The caramel alluded to in their name comes not from adding caramel to the dough, but from the delicious caramelization of the sugar and butter on the edges of the cookies themselves. Dorie’s genius hack for baking these cookies in a muffin tin instead of on a baking sheet ensures that both the sides and the bottom develop a toasty browned edge that’s full of flavor.
From Dorie, “You won’t find caramel in the ingredient list, yet it’s the flavor you catch with the first bite. The alchemy happens in the oven. Because these slice-and-bake cookies are baked in muffin tins until their bottoms and sides are deeply golden, the butter and sugar brown so completely that they produce the full, nutty, edgily sweet flavor of caramel. A treat! But not the cookies’ only treat. Their texture is a delightful mix of crisp and tender, the sign that they’re shortbread at heart. And the addition of chopped walnuts and small chunks of chocolate means that they could rightly be called chocolate chip cookies, though perhaps ones that lived briefly in France.”
Recipe very adapted slightly from Baking With Dorie: Sweet, Salty & Simple (Harvest, October 2021).
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Hear more about this recipe from Sam Seneviratne on our podcast The Genius Recipe Tapes. —Genius Recipes
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Caramel Crunch–Chocolate Chunklet Cookies by Dorie Greenspan, from Samantha Seneviratne
2 hours 15 minutes
sticks (8 ounces; 226 grams) unsalted butter, cut into chunks, at room temperature
(100 grams) sugar
(60 grams) confectioners’ sugar
fine sea salt
pure vanilla extract
(272 grams) all-purpose flour
(85 grams) dark or milk chocolate chopped into small chunks
about ½ cups
(60 grams) coarsely chopped walnuts, toasted or not (or more chocolate chunks)
- Working in the bowl of a stand mixer fitted with the paddle attachment. or in a large bowl with a hand mixer, beat the butter, both sugars and the salt together on medium speed until creamy, about 2 minutes. Beat in the vanilla.
- Turn off the mixer, scrape down the bowl and add the flour all at once. Pulse the mixer a few times, just until the risk of flying flour has passed, and then, working on low speed, beat until the flour is almost completely incorporated, a couple of minutes. Don’t beat too much—you want the mixture to be more clumpy than smooth. Still working on low speed, mix in the chocolate and nuts. Then finish incorporating the chunky ingredients with a flexible spatula.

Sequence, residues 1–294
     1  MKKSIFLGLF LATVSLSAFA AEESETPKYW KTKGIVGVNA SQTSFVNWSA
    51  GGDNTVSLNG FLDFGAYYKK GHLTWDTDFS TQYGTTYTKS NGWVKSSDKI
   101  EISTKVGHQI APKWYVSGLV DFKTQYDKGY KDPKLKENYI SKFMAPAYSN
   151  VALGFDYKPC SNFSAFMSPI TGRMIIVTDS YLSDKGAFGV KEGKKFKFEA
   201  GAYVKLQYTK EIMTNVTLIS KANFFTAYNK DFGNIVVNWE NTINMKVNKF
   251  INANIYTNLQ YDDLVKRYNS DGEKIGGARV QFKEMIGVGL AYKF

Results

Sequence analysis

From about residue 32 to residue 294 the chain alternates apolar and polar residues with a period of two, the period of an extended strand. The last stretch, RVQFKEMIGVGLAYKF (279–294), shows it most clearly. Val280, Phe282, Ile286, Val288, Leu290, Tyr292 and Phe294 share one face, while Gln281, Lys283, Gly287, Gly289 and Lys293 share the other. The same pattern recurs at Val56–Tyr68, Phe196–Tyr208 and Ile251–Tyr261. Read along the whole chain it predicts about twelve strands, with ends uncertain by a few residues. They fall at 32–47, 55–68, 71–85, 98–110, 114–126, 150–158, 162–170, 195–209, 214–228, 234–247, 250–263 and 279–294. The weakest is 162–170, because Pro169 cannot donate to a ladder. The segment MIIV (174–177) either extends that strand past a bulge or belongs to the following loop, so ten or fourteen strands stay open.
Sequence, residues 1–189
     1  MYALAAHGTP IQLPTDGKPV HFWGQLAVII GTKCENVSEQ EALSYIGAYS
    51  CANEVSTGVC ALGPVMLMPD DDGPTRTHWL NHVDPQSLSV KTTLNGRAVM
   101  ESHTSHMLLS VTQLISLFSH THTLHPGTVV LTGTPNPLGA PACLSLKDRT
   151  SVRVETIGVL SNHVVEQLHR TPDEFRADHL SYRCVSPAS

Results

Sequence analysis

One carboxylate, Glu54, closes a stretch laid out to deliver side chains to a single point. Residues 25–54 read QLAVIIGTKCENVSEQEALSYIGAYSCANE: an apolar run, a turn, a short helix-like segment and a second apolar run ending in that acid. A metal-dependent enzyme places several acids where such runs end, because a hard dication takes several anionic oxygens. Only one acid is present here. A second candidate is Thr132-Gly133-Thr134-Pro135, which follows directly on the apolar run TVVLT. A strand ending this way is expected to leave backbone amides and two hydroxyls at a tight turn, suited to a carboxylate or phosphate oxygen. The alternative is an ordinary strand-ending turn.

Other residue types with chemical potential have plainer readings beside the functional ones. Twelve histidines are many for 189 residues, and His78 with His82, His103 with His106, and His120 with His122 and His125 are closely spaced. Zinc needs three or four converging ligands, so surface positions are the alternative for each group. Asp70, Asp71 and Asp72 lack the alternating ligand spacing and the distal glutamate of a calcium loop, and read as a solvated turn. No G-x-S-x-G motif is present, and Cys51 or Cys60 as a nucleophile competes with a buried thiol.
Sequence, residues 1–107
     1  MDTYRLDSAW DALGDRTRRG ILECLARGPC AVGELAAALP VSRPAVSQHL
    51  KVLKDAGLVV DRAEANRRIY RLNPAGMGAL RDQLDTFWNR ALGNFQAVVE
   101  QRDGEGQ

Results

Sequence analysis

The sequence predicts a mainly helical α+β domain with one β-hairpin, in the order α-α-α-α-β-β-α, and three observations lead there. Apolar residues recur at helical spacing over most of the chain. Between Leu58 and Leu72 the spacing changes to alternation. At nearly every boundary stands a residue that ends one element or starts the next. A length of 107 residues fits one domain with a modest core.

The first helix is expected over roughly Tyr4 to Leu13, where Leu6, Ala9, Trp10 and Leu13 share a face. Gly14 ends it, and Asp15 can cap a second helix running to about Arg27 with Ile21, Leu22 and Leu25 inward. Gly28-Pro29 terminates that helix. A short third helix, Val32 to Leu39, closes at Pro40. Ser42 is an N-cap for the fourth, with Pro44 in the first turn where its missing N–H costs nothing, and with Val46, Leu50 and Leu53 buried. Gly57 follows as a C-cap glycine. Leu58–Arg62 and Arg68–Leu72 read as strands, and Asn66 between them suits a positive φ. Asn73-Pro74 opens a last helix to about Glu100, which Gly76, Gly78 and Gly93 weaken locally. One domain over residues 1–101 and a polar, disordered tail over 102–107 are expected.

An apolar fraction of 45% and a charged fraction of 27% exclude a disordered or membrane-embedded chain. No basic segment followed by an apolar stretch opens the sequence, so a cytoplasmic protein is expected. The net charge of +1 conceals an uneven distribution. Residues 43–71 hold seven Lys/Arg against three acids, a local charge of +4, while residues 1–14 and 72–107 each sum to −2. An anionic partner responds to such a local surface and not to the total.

- Turn the dough out onto the work surface and knead it to bring it together. Divide the dough in half and shape each hunk into a 6-inch-long log (the rolls will be a scant 2 inches in diameter). Wrap each log well and refrigerate until firm, at least 2 hours. (You can refrigerate the logs for up to 3 days. Or you can freeze them, wrapped airtight, for up to 2 months; let stand at room temperature for about an hour before slicing and baking, or defrost in the fridge overnight.)
- WHEN YOU’RE READY TO BAKE: Center a rack in the oven and preheat it to 350 degrees F. (If you can’t fit two muffin tins on one rack in your oven, position the racks to divide the oven into thirds.) Butter two regular-size muffin tins—you can use bakers’ spray, but butter is really nicer for these.
- One at a time, mark each log at ½-inch intervals and, working with a chef’s knife, cut into rounds. Place each puck in a muffin cup.
- Bake for 20 to 22 minutes, rotating the pans if necessary, or until the cookies are golden on top, browned around the edges and slightly soft in the center as they’ll firm as they cool. Transfer the pans to racks and let rest for 3 minutes, then gently pry each cookie out with the tip of a table knife and place on the racks to cool. You can serve the cookies warm, but their texture shines brighter at room temperature.
- STORING: Kept in an airtight container at room temperature, the cookies will be good for at least 5 days.
- A NOTE ON MUFFIN-TIN BAKING: You might be tempted to use a baking sheet, but I hope you won’t—the texture is really best in the muffin tins.
- PLAN AHEAD: The dough needs to be refrigerated for 2 hours